Arizona farm accused of abusing Mexican migrant workers

Farmworkers pick watermelon along Highway 95 in Yuma, Ariz., in 2015.
(Irfan Khan / Los Angeles Times)
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The U.S. Department of Labor is accusing an Arizona farm of housing about 70 Mexican farmworkers in dangerous and unsanitary conditions and paying them illegally low wages, according to a lawsuit filed in federal court last week.

Santiago Gonzalez, the owner of G Farms in El Mirage, Ariz., housed workers in school buses and trailers without any windows, in violation of federal safety regulations, officials said.

The workers were brought in under the federally supervised H-2A visa program, which allows U.S. growers to import seasonal laborers from abroad. Employers who use the program are required to pay a minimum wage set by the government and provide the guest workers free transportation and housing, which must include 50 square feet of sleeping space per person.


Regulators have ratcheted up scrutiny of the agricultural guest worker program in recent years, as employers increasingly rely on it to fill a labor shortage caused in part by a dramatic drop in immigration from Mexico. But federal investigators have uncovered cases of employers shorting wages, soliciting kickbacks, illegally deducting rent and holding workers hostage to their visas.

After investigators confronted Gonzalez, he moved the workers into two hotels. But one of his employees called the Labor Department last week and reported that Gonzalez was charging the workers to stay in the rooms, and for their food and transportation.

The department has asked for a temporary restraining order to force Gonzalez to pay workers what they are owed and “to ensure that these workers are kept safe from life threatening conditions.”

Stephen Barr, a spokesman for the Labor Department, declined to comment. Gonzalez did not respond to requests for comment.

Kristina Espinoza, a labor department investigator who recently visited the farm, described a “makeshift labor camp” that was “dangerous” and “unsanitary,” according to court documents.

When Gonzalez applied for H-2A workers this year, he pledged to house them in a nearby hotel. Instead, he had them living in four yellow school buses and two trailers, where they had less than a foot of space between each bed, Espinoza said. Federal standards require three to four feet.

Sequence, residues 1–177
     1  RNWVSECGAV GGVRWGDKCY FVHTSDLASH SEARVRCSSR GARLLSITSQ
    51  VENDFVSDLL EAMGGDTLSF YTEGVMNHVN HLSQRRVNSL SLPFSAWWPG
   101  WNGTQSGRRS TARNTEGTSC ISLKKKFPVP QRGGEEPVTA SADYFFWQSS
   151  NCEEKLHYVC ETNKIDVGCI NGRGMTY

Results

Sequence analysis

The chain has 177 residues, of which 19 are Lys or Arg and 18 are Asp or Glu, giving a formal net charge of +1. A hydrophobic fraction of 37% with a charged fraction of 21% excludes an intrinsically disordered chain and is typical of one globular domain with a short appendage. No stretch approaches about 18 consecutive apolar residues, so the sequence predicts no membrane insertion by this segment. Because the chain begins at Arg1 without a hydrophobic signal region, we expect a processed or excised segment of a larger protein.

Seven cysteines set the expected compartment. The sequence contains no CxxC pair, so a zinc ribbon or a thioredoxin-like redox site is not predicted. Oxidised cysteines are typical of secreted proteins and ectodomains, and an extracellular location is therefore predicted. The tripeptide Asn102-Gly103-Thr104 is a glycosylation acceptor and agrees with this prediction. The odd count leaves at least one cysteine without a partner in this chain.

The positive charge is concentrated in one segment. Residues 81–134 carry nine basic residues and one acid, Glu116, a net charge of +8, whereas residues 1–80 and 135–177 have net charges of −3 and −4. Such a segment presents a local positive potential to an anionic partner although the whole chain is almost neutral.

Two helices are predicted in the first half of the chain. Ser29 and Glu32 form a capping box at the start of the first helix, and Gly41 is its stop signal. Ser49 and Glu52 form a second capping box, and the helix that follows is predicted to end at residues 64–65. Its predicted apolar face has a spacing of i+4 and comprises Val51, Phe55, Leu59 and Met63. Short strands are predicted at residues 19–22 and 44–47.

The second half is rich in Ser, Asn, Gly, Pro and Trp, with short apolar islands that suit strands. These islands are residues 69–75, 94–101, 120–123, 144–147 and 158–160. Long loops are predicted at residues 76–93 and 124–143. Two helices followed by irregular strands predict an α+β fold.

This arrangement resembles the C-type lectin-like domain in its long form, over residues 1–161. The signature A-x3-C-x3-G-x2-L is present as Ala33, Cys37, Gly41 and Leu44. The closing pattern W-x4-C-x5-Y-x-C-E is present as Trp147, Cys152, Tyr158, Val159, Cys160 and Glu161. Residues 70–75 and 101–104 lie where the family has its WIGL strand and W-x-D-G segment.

The trailers didn’t have windows, and workers in the buses had nowhere to put their belongings, so their items were strewn across the trash-filled sleeping quarters, Espinoza said.

Gonzalez had workers shower in nine stalls inside a cargo container; there was no functional sewage system, so wastewater accumulated underneath the container, Espinoza said. The electrical cord used to light the facility was exposed to standing water, posing a risk of electrocution, according to court documents.

The workers shared one toilet in the trailer and had access to port-a-potties.

Each of those conditions is an apparent violation Occupational Safety and Health Administration regulations for labor camps, which apply to H-2A workers.

Growers in Arizona last year recruited 6,205 guest workers, up from 2,091 in 2011. The vast majority of them were employed around Yuma, where many of California’s produce companies operate during winter months. Arizona ranks eighth nationwide in recruitment of H-2A workers, according to the data; California ranks fifth.

G Farms was approved to hire 70 laborers to cultivate and harvest potatoes, watermelon and onions for standard 40-hour workweeks, from April 2 through July 31, according to federal records. Gonzalez’s application, dated Jan. 31, was approved at a $10.95 minimum hourly rate.


Instead, Gonzalez paid $0.13 to $0.70 per bag, Espinoza said.